Is Everything You Eat A Drug?

Hank Campbell - - 05/24/2013
Weight Loss Theories

For obesity, yes, everything you eat is a drug.

To get to optimal health, you must be selective on the foods you eat.


Did you ever have breast milk or spinach? You might as well start shooting up heroin.

If dihydrogen monoxide doesn't scare you enough, food activists have been rehashing an old term - opiates.

It's a much more official way of saying you might be addicted to cheese. Or steak. Or coffee. Or rice. Or chocolate. Or almost anything. In the age of Weekly Scare Journalism, opiates are good imagery because the term itself invokes layabouts dreaming in a haze, opium dens and all that. That's what food is doing to you (though not the food they happen to be selling you), according to some fun claims that have been re-purposed from the 1990s, when people also thought the National Center for Complementary and Alternative Medicine deserved funding. (1)

If you breast feed your child, you are giving them morphine. Of course, morphine sounds really scary and if you are in the Scare Journalism business that is the goal: You can't promote the alternative, like vegan diets, unless you promote fear and doubt about the existing. Scientifically speaking, milk contains the casein protein which breaks into casomorphins during digestion so it is like morphine. It has a soothing effect on babies. But cherry-picking chemical data is where the science ends. Basically, anti-science advocates and their food fetish followers want to convince us that breast milk is a gateway drug to hard cheese. Don't go down that path, we are warned.

The genesis of these new(ish) claims are a paper from 1995 (2), which used self-reported answers to questions based on DSM-III criteria to determine if women were binge eaters. The women were recruited by advertisements and their binge eating was confirmed by a brief talk with a psychiatrist. The binge eaters and non-binge eaters were not much different from each other; no menstrual issues or gastrointestinal problems. But they nonetheless met the criteria for being bulimic (DSM-III) or having the broader Binge-Eating Disorder (DSM-IV) because they said so. How much rigor is that? (3)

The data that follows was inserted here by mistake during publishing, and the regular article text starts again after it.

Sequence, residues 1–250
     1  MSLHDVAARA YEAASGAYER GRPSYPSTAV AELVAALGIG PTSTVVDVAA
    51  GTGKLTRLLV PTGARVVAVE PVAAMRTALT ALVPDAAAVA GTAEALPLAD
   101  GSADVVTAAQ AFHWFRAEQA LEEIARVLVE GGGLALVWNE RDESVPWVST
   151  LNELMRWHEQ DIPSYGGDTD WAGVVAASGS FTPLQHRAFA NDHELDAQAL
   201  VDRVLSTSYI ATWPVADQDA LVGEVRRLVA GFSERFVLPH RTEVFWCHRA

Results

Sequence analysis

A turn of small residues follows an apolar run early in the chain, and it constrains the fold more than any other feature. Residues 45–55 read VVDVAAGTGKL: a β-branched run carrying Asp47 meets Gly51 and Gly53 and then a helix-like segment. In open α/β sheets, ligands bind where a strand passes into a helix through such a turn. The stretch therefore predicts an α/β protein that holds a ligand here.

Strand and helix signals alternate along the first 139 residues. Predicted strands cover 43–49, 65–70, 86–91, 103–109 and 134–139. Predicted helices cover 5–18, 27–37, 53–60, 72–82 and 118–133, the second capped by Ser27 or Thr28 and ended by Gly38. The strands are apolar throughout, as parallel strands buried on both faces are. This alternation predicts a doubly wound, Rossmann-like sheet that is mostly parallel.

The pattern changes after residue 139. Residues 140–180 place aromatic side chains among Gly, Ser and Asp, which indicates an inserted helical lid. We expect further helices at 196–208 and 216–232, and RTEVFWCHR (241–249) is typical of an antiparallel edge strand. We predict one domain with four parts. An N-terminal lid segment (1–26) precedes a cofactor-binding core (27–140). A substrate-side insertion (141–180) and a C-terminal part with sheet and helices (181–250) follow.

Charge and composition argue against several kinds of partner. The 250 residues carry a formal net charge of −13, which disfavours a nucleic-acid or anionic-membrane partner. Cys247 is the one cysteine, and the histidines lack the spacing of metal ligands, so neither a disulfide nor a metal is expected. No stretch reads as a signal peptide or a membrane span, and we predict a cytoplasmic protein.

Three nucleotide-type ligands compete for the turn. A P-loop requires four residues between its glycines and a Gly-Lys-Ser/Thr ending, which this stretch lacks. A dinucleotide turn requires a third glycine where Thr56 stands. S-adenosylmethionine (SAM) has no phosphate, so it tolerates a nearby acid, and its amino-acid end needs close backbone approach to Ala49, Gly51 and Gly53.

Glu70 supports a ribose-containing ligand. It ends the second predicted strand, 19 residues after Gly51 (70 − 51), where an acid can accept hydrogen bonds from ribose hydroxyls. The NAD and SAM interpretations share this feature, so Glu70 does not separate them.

From that pool, they created a study which concluded that the opiate blocker naloxone reduced intake of sugar and fat - if an opiate blocker stopped food intake in binge eaters then food is a drug. The race was on to find new ways to blame modern food for everything.

Yet that wasn't the beginning. Like UFOs shaped like saucers - which people really started 'seeing' that way after a journalist misquoted a witness in an article and described a UFO that way and, presto, everyone suddenly saw saucers instead of cigars (4) - the opiates movement truly took off in the early 1980s when genes that code for opioid peptides were isolated and sequenced. Suddenly we began to get food activists blaming everything on them. Even though they have been around for millenia.

And it still goes on today. GreenMedInfo, which seeks to promote, among other things, homeopathy, acupuncture, holistic cooking, anti-vaccination beliefs and, of course, organic food, has declared war on milk too. They're doing something right, their Facebook page has 8X the followers Science 2.0 does.

Now, milk is primarily cultural. You don't see a lot of Asians eating cheese.(5) But a 'narcotic elixir'? Did the Asians evolve not to like narcotics? The opium trade says otherwise. But if you say 'food is just food' then you are labeled a nutritional reductionist and we get woo nonsense about neuroendocrine modulation, which feels very science-y for people who think going gluten-free is a diet but really means almost anything, and therefore nothing. Virtually every food and every product causes neuroendocrine modulation. Just like reading this article changed your brain a little. However, the difference is that were I to claim that reading Science 2.0 actually made you smarter than reading GreenMedInfo, and threw up a bunch of neuroscience jargon as my evidence, people here would smell a Gilles-Eric Séralini rat. Because readers here know they were smarter than GreenMedInfo readers before they ever arrived.

In science, you can't get handed an audience willing to believe anything. In anti-science activism, you can.

So is everything you eat a drug? Sure, if your definition is broad enough, but if I note that it is not just spinach or milk or chocolate that 'makes us feel good' it must be the opiates talking.

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